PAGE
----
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Flavors of Hawaii Celebrated at the White House

Chef Alan Wong creates a modern luau for Congressional picnic

By Holly Hadsell and SYT Staff

Being from Hawaii, President Obama knows the gesture of inviting someone to a luau is more than an invitation to a party, it’s an invitation to celebrate community and family.

While those outside Hawaii might think of a luau as an excuse to sip neon colored drinks and wear loud aloha shirts, here in the Islands a luau is a time to connect with loved ones and rejoice in the bounty and tastes of our rich heritage.

Whether in D.C. or Hawaii, the essence of a luau is about bringing people together. The White House gathering will be prepared by Hawaii Chef Alan Wong whose namesake Honolulu restaurant is a favorite of the President and Mrs. Obama. The luau will be a chance for Capitol Hill to sample modern Hawaii cuisine  as interpreted by Chef Wong. Wong's signature style of cooking brings together European technique  - a nod to his many years spent at Lutece under the legendary Andre Soltner, traditional Hawaiian food traditions and Asian flavors that reflect Hawaii's plantation heritage. Modern Hawaii cuisine is a perfect complement to an Adminstration that prides itself on diversity.

A long time champion of Hawaii farmers and products, Chef Wong saw this invitation as an opportunity to showcase Island-grown foods.  Some of the products being served at the luau are Wailea Agriculture hearts of palm, Waialua Estate chocolate, chevre from Hawaii Island Goat Dairy and more than 200 pounds of mushrooms from Hamakua Mushrooms. Wong had an even longer wish list of products he wanted to bring with him, but security, budget and availability issues curtailed his original list.

Chef Wong with Mike Conway at Waialua Chocolate orchard

This hasn’t dampened Wong and his staff’s commitment to bring a delicious sampling of Hawaii to the White House. Arriving in D.C. late Monday night, they have been working round the clock to prepare for today’s luau.


What is a Luau?

A feast and celebration of community and aloha

A luau, originally called aha aina by ancient Hawaiians, was a feast to celebrate a milestone of one’s life such as a birth. Luau is the leaf of the taro plant and is used in many of the preparations of  traditional Hawaiian foods. At the  turn of the century typical luaus where eaten on the ground on top of lauhala (woven palm fronds) mats covered with pork, fish, fruits, vegetables and strewn with tropical flowers. Hula was also an important part of a luau celebration.

The contemporary luau of today are held for celebrations—a baby’s first birthday, graduation, church fundraisers and reunions. Families get together and contribute to the feast. An auntie will make the lomi lomi salmon, an uncle will go fishing and catch some ahi for the poke. Families will gather to dig the imu, an underground oven which is filled with lava rocks and banana tree stalks. An entire pig is roasted for hours until it is tender and can be shredded easily.

The best way to experience a luau is to come to Hawaii, and get invited by a family to one of their celebrations. Second best? Attend one of the commercial luaus!  Many of them are excellent and a lot of fun. Visit Hawaii's tourism website for a listing of luaus on several of the islands.

Traditional luau fare

kalua pig: traditionally cooked in the imu, with hot lava rocks and banana tree stalks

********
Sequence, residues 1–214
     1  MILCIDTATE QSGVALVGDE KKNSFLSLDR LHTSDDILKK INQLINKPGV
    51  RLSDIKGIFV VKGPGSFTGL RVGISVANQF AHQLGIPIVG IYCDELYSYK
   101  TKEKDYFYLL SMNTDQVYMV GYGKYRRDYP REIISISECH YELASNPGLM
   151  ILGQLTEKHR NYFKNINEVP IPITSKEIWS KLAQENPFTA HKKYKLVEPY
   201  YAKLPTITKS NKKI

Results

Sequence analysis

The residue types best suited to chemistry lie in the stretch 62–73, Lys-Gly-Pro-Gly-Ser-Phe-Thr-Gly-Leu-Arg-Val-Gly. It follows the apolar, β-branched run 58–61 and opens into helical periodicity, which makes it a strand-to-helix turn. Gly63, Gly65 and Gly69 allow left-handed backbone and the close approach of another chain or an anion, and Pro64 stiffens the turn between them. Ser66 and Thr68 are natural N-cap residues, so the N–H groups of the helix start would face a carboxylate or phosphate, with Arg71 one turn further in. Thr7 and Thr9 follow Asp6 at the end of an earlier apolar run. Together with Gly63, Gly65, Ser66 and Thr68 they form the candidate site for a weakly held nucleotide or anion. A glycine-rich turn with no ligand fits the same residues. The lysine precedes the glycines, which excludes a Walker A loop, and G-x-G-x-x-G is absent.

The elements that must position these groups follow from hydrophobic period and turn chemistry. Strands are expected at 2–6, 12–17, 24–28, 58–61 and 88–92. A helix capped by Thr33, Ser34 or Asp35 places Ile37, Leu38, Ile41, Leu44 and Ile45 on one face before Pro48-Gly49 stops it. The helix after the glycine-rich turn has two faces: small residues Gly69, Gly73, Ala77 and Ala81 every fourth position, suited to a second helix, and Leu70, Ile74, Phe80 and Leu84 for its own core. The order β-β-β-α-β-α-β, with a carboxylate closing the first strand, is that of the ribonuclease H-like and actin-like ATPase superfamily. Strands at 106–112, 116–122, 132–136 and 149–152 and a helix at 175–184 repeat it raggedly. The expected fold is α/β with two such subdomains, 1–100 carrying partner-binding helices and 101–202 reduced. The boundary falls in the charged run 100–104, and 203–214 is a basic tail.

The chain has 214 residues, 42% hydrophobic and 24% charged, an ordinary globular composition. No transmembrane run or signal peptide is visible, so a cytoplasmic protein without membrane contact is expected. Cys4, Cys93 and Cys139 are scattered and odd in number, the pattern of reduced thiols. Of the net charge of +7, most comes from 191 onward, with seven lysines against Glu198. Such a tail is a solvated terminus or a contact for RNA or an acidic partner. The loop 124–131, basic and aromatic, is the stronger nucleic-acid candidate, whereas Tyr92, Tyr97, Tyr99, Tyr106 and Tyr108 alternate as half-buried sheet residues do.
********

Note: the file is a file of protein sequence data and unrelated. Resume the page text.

Laulaulau lau: salted fish and pork wrapped in luau and ti leaves and steamed

lomi lomi salmon: salted salmon diced and served with diced tomatoes, white and green onions

poi: mashed taro, a root vegetable and staple of Hawaiian food

sweet potato: steamed or cooked in the imu

squid luau: squid cooked in coconut milk and luau leaf

chicken long rice: chicken cooked with rice noodles (probably Chinese influence)

opihi: limpets, collected from the rocky cliffs of the oceanPoke_opihi

poke: raw fish chopped and mixed with limu (seaweed) or roasted kukui nuts

chili pepper water: a condiment made of Hawaiian chili peppers, vinegar, and water

kulolo: taro pudding steamed with coconut milk

haupia: coconut pudding



Our Top Pick for Hawaiian Food, also a Favorite of Hawaii Chefs!

The second best place to get Hawaiian food, after a luau, is Helena's Hawaiian Food. With a James Beard Award for Regional Classics, it's a down-home restaurant that serves traditional Hawaiian fare. It's one of the few restaurants in Hawaii where you can still get opihi. For a video and story, see past features:

Picture 2 Picture 3

Cookbooks for luau recipes and ideas


Alan Wong’s New Wave Luau

by Alan Wong

Sam Choy’s Island Flavors

by Sam Choy

The Food of Paradise: Exploring Hawaii's Culinary Heritage

by Rachel Laudan

Comments from Readers

  1. 39048be71cd3b1982f18cc3cc30e1b3c
    Michael Conway on 6/26/2009 at 12:38pm

    I'm the guy in the picture above with Chef Wong. Apparently our Hawaiian grown chocolate was used at the dessert table. Besides being amongst the rarest chocolates in the world, its' the only cacao grown in the U.S. with very limited production. Just wondered if you had any feedback from the guests.


  2. 51dee7bc7c88213e840d5dc4ee099e34
    Orrel on 8/21/2009 at 10:53am

    Neighbors on my street, from here in the Bay Area, had just returned from Oahu. They stopped me in Trader Joes, Rockridge, Calif, upon seeing me shopping clad in my Waialua Sugar Mill shirt. They told me that while in Waialua, a really nice and very informative guy named Derek saw them at the Mill and took them for a personal tour of the coffee and chocolate production. It was one of the highlights of their very first trip to the islands. They came back with a profound new appreciation of coffee and chocolate. Another 6 degrees of separation moment.

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